COVID studies find virus was most likely originally transmitted at Wuhan wet market

Since the beginning of the pandemic, one burning question has dominated discussions: where did COVID come from?

Now, two new studies provide more evidence that coronavirus originated in a Wuhan wet market where animals were sold.

That disputes the lab leak theory, in which some believe the virus was man-made and escaped.

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The research, published online by the journal Science, shows that the Huanan Seafood Wholesale Market was likely the early epicentre of the virus.

It concludes that the virus that causes COVID-19, SARS-CoV-2, spilled from animals into people on two separate occasions.

The Huanan Seafood Market in the Chinese city of Wuhan remains COVID-19’s most likely ‘ground zero’. Credit: AP

Kristian Andersen, a professor in the Department of Immunology and Microbiology at Scripps Research and coauthor of one of the studies, said he was initially “convinced” of the lab leak theory.

But he’s since changed his mind.

“All this evidence tells us the same thing: It points right to this particular market in the middle of Wuhan,” Andersen said.

“I was quite convinced of the lab leak myself until we dove into this very carefully and looked at it much closer.”

In one study, which incorporated data collected by Chinese scientists, mapping tools were used to estimate the locations of more than 150 of the earliest reported COVID-19 cases.

They also mapped cases from January and February 2020 using data from a social media app.

University of Arizona evolutionary biologist Michael Worobey and his colleagues asked the question: “Of all the locations that the early cases could have lived, where did they live?”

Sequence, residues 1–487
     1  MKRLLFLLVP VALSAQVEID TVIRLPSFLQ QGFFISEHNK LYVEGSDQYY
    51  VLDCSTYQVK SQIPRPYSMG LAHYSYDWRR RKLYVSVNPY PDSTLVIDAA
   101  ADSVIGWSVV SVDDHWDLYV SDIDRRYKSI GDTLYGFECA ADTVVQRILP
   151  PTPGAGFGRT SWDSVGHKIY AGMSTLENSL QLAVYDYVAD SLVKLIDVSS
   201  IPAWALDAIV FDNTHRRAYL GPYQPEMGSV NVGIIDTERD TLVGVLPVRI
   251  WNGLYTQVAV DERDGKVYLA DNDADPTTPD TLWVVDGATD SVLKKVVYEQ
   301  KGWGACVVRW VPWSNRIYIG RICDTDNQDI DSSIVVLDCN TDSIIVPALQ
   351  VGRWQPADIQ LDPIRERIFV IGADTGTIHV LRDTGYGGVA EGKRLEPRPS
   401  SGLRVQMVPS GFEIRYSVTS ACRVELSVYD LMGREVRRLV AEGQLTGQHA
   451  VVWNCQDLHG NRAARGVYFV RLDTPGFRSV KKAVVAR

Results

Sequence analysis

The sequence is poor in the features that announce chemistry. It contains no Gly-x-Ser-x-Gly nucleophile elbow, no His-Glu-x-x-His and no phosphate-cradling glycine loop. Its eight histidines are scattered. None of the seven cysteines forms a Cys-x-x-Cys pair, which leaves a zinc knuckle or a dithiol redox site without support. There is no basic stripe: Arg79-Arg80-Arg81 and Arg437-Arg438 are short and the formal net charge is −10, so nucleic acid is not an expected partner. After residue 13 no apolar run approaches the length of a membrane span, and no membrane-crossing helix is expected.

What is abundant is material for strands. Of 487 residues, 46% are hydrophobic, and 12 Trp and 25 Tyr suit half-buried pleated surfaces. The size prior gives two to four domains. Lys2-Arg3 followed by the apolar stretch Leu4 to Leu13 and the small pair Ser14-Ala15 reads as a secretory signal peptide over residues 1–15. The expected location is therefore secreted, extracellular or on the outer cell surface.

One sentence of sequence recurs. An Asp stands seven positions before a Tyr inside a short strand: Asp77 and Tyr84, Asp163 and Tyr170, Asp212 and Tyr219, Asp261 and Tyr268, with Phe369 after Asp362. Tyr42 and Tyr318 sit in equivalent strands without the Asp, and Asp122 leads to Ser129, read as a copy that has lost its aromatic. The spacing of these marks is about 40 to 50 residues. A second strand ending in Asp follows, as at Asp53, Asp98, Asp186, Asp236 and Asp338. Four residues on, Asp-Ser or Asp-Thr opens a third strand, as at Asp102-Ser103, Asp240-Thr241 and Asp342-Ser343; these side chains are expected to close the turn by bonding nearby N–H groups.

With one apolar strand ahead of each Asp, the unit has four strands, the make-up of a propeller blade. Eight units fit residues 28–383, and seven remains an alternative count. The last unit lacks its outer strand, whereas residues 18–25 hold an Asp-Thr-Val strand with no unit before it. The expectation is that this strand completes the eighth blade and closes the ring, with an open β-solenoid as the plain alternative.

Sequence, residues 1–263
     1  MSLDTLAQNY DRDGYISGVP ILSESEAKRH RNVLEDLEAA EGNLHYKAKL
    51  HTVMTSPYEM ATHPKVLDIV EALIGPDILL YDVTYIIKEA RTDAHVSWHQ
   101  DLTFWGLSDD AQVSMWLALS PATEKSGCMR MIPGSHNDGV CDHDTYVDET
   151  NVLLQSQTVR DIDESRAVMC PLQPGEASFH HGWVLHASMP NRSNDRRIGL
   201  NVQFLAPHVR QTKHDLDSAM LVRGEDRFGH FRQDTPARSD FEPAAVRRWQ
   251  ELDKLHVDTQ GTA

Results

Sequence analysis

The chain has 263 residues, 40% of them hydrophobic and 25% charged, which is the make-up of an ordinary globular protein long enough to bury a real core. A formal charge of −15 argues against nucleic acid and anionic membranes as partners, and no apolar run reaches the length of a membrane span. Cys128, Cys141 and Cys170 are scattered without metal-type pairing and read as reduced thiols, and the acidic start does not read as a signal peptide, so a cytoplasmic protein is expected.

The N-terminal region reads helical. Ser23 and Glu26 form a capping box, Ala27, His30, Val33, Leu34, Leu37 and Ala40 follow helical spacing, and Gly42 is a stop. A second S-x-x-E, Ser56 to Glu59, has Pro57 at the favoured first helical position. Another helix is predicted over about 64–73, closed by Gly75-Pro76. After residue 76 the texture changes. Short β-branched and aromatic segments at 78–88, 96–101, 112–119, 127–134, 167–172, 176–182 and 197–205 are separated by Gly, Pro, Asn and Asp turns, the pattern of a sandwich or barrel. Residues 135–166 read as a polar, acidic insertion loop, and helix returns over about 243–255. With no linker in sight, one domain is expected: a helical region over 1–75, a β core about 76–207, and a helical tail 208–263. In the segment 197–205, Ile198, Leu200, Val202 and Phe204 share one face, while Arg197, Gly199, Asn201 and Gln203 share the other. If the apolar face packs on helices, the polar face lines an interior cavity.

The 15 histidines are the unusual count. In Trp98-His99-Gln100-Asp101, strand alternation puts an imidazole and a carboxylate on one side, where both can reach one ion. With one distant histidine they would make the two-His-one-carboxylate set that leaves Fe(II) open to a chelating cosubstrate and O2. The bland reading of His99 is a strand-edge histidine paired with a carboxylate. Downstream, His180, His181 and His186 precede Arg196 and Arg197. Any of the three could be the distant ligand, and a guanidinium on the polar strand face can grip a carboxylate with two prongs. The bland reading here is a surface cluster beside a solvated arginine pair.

Workers in protective gear carry a bag containing a giant salamander reported to have escaped from the Huanan Seafood Market in Wuhan. File image. Credit: MAS/AP

The data revealed a pattern that showed the highest density of cases were near and centred on the wet market.

“Crucially, this applies both to all cases in December and also to cases with no known link to the market,” Worobey said.

“And this is an indication that the virus started spreading in people who worked at the market but then started to spread into the local community.”

Andersen said case clusters were found inside the market, where they now know people were selling wildlife species that are susceptible to infection with COVID.

In the other study, scientists analysed the genomic diversity of the virus inside and outside of China starting with the earliest sample genomes in December 2019 and extending through mid-February 2020.

They found that two lineages – A and B – marked the pandemic’s beginning in Wuhan.

Study coauthor Joel Wertheim, a viral evolution expert at the University of California pointed out that lineage A was more genetically similar to bat coronaviruses, but lineage B appears to have begun spreading earlier in humans, particularly at the market.

“Have we disproven the lab leak theory? No, we have not,” Andersen said.

“But I think what’s really important here is there are possible scenarios and there are plausible scenarios and it’s really important to understand that possible does not mean equally likely.”

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The pandemic’s origins remain controversial.

Some scientists believe a lab leak is more likely and others remain open to both possibilities.

But Matthew Aliota, a researcher in the college of veterinary medicine at the University of Minnesota, said to him the two of studies “kind of puts to rest, hopefully, the lab leak hypothesis”.

“Both of these two studies really provide compelling evidence for the natural origin hypothesis,” said Aliota,

Australia’s ongoing diplomatic feud with China largely began with former Prime Minister Scott Morrison calling for an independent inquiry into the origin of COVID.

“Australia called for an independent review, and sees understanding the cause of this pandemic not as a political issue, but as being essential, simply, to prevent the next one,” Morrison said.

“We need to know so we can prevent this death and this calamity being visited upon the world again.

“That can be our only motivation.”

Since the initial call was made in April 2020, China has imposed financial sanctions on Australia’s agriculture and resources sectors, primarily wine, seafood, barley and coal exports.

A new government has done little to repair the relationship, with a raft of sanctions still remaining.

With Associated Press

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